‘We need re­li­gious free­dom’


A VET­ERAN Ortho­dox or­gan­i­sa­tion has called for an end to the re­li­gious mo­nop­oly over mar­riage in Is­rael, and the in­tro­duc­tion of civil mar­riage.

The mod­ern-Ortho­dox group, Ne’emanei To­rah Va’Avo­dah (NTA), launched a cam­paign for change on Sun­day. It is thought to be the first Ortho­dox group to is­sue such a call.

While the Ortho­dox com­mu­nity in Is­rael usu­ally ar­gues that keep­ing mar­riage re­li­gious is es­sen­tial to the coun­try’s Jewish iden­tity, NTA’s spokesman, Tani Frank, claimed civil mar­riage “will re­duce an­tag­o­nism to­wards Ju­daism”.

The cam­paign will in­volve sem­i­nars and lec­tures, and be­gan with an 80-sec­ond video that poked fun at the re­li­gious au­thor­i­ties. View­ers were told that in an age of choice, the rab­binate “comes to the res­cue” by “free­ing you from one sig­nif­i­cant de­ci­sion”, namely who should per­form their mar­riage. “We’ve de­cided for you, be­cause we all know co­er­cion greatly in­creases iden­ti­fi­ca­tion,” it said sar­cas­ti­cally, adding that with think­ing like this, “it’s no won­der ev­ery­one in Is­rael loves Ju­daism”.

Mr Frank said the rab­binate alien­ated many cou­ples through its hard­line stance on Jewish law, for ex­am­ple when rab­bis only let men give women rings at wed­dings and not vice-versa.

NTA does not have a de­tailed pro­posal for chang­ing mar­riage in Is­rael. Rather, said Mr Frank, it wants to trig­ger a con­ver­sa­tion in the re­li­gious com­mu­nity. NTA claimed there was open­ness to the idea af­ter a poll it com­mis­sioned con­cluded 49 per cent of the re­li­giousZion­ist com­mu­nity sup­ported some form of civil mar­riage.

But Yu­val Cher­low, a prom­i­nent rabbi in an­other lib­eral Ortho­dox or­gan­i­sa­tion, Tzo­har, dis­missed the poll as “non­sense”. Tzo­har is a strong critic of the rab­binate, like NTA, but wants it to re­form to be­come more user-friendly.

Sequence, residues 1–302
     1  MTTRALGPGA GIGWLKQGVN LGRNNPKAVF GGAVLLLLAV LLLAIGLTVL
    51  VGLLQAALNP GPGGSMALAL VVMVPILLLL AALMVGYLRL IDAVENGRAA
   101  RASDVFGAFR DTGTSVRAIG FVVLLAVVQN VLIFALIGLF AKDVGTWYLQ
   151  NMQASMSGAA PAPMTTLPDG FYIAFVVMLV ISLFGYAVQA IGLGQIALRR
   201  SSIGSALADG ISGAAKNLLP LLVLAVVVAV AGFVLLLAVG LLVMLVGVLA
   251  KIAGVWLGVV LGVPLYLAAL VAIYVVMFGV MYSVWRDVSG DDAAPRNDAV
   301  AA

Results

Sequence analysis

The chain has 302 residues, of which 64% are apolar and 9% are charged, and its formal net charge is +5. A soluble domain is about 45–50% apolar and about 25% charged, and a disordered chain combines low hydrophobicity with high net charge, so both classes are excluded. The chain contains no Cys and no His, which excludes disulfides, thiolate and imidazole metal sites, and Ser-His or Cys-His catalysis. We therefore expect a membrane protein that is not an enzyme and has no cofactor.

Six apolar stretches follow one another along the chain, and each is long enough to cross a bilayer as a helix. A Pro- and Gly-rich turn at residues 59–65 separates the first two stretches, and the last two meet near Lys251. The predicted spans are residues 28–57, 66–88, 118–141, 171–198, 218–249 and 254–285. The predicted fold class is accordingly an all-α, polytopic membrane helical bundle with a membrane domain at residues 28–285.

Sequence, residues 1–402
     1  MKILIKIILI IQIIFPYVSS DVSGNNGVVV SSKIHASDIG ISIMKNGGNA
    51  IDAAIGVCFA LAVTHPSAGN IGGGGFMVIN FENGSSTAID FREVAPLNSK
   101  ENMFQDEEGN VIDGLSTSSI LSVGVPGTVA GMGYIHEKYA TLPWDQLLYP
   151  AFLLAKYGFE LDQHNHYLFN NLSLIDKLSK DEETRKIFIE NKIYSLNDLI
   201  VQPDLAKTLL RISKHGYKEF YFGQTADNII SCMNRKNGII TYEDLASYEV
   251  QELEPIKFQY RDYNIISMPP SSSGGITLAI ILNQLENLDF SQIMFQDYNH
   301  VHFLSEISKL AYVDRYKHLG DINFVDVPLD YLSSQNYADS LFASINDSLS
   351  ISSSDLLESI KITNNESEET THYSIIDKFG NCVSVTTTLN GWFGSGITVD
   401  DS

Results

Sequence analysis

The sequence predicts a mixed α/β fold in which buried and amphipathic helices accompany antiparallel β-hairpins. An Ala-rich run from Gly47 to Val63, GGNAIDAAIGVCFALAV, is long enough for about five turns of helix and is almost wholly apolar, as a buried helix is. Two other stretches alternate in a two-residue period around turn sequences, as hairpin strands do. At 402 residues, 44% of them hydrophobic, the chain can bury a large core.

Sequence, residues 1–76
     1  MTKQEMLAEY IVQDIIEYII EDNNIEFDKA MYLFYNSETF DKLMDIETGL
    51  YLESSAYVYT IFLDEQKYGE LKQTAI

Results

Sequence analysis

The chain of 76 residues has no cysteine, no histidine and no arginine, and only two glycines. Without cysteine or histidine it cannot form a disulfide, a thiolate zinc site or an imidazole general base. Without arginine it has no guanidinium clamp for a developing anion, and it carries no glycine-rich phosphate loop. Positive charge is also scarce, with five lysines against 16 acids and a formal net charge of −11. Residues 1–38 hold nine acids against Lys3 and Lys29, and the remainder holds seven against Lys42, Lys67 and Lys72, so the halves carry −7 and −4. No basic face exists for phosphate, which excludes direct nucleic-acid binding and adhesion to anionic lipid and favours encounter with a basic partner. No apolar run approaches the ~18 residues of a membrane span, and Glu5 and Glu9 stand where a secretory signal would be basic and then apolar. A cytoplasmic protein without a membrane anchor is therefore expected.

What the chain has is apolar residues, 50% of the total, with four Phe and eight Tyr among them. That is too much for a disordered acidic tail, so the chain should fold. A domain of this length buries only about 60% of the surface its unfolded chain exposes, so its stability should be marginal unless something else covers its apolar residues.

Rabbi Cher­low said that the rab­binate needed to keep con­trol of mar­riage be­cause it rep­re­sented the “core” of Jewish iden­tity. He also ar­gued civil mar­riage would be used to wed Jews and non-Jews, thus send­ing out the mes­sage that Is­rael approves of in­ter­mar­riage.

IS­RAEL IS the only Western coun­try where Jewish peo­ple do not ex­pe­ri­ence re­li­gious free­dom.

So says Yizhar Hess, chief ex­ec­u­tive of Is­rael’s Ma­sorti move­ment, who is on a mis­sion to end the “mo­nop­oly” Ortho­dox rab­bis have over life in Is­rael.

Mr Hess has been in Lon­don to raise aware­ness of the con­tentious is­sue. In an in­ter­view with the JC, he said: “When the coun­try was es­tab­lished, David Ben Gu­rion needed the sup­port of the ul­tra­Ortho­dox move­ment and for that he was will­ing to make con­ces­sions and give them the keys to Jewish iden­tity.

“He later ac­knowl­edged that that was a mis­take.”

Ac­cord­ing to Mr Hess, 7.1 per cent of Is­raeli Jews de­fine them­selves as Ma­sorti or Re­form. The two strands have long worked to­gether with sec­u­lar ac­tivists to af­fect change.

Mar­riage is key to their ef­forts. He said: “You can be a rabbi of a con­gre­ga­tion of 3,000 peo­ple in Lon­don, but if you’re not Ortho­dox your mar­riage can­not be per­formed in Is­rael.

“This is chal­leng­ing from

“Is­rael should be home of all Jews”: Hess a demo­cratic point of view and harms the Zion­ist na­ture of Is­rael. Is­rael should be, and is, the home of all Jewish peo­ple.”

Many travel over­seas to tie the knot, in par­tic­u­lar to Cyprus and the Czech Repub­lic. “So the clerk of the mu­nic­i­pal­ity in Lar­naka has the author­ity to be recog­nised in Is­rael but a rabbi to mil­lions does not,” said Mr Hess.

“It is sim­ply un­ac­cept­able that a young cou­ple can­not choose how they want to be mar­ried in a state they serve and pay taxes to.”

Ma­sorti Ju­daism be­lieves “the ha­lachah should not be frozen in time but should de­velop over time”.

Cen­tral to that is the Ko­tel, whose sta­tus as an Ortho­dox-dom­i­nated prayer area was un­der ne­go­ti­a­tion for four years. In Jan­uary 2016, an agree­ment was reached to cre­ate a new egal­i­tar­ian space on the south­ern flank of the Ko­tel, but the ar­range­ment has not been im­ple­mented and this year came un­der threat from bills in­tro­duced by Ortho­dox par­ties in the Knes­set. “The Is­raeli gov­ern­ment passed this his­toric res­o­lu­tion but didn’t have the courage to im­ple­ment it due to the se­vere pres­sure from the Charedi par­ties,” said Mr Hess. “In many ways it’s a spit in the face of so many Jews.”

The mat­ter will be de­cided upon in Is­rael’s Supreme Court in June.


Ac­tivists protest for the right to civil mar­riage in front of the Knes­set

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